As the Red Army moved out of Miaosheo, a local Christian evangelist, Lo Ke-chou and his family, cautiously returned to their plundered city, where they were told about the deaths of two foreigners. Having met John Stam only weeks before, Pastor Lo recovered the Stams’ bodies and began a frantic hunt for their missing daughter. Retracing the Stams final steps led Pastor Lo and other local Christians to the abandoned home where John and Betty spent their final night. Inside they heard faint crying and found Helen Priscilla hidden in her mother’s sleeping bag with several clean diapers and two five dollar bills.

Pastor Lo and Helen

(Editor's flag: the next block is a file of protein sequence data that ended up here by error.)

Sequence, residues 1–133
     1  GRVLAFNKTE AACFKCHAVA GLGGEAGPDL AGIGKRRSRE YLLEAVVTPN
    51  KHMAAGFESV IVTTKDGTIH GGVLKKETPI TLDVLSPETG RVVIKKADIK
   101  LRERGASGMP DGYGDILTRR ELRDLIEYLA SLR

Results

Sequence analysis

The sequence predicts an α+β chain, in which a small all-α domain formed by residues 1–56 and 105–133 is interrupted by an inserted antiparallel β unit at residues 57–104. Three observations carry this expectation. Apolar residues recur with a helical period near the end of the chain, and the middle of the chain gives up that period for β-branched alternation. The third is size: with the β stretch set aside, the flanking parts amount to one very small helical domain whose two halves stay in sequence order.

Helen Priscilla balanced in a rice basket with her rescuers, Pastor Lo (left) and his wife (third from right). December 1934.

Pastor Lo hastily arranged a funeral for the murdered missionaries and arranged to carry Helen Priscilla to safety. Traveling northward, Pastor Lo and his family carried Helen Priscilla and their four year old son in rice baskets through the mountainous regions surrounding Jingde, using the ten dollars Betty concealed with Helen Priscilla to buy powdered milk for her. On December 14, nearly a week after the Stams’ murder, the Lo family trudged into Xuancheng, in southeastern Anhui Province and delivered the baby to George Birch at the local CIM mission station. Within hours, the Stam family in Paterson, New Jersey received Robert Glover’s telegram: “Stam Baby Safe.” Transferred to Wuhu Hospital where she had been born three months earlier Helen Priscilla was examined by doctors and declared a “miracle baby.” Shortly afterward, the baby was sent to her maternal grandparents in Jinan, where she lived until the age of five.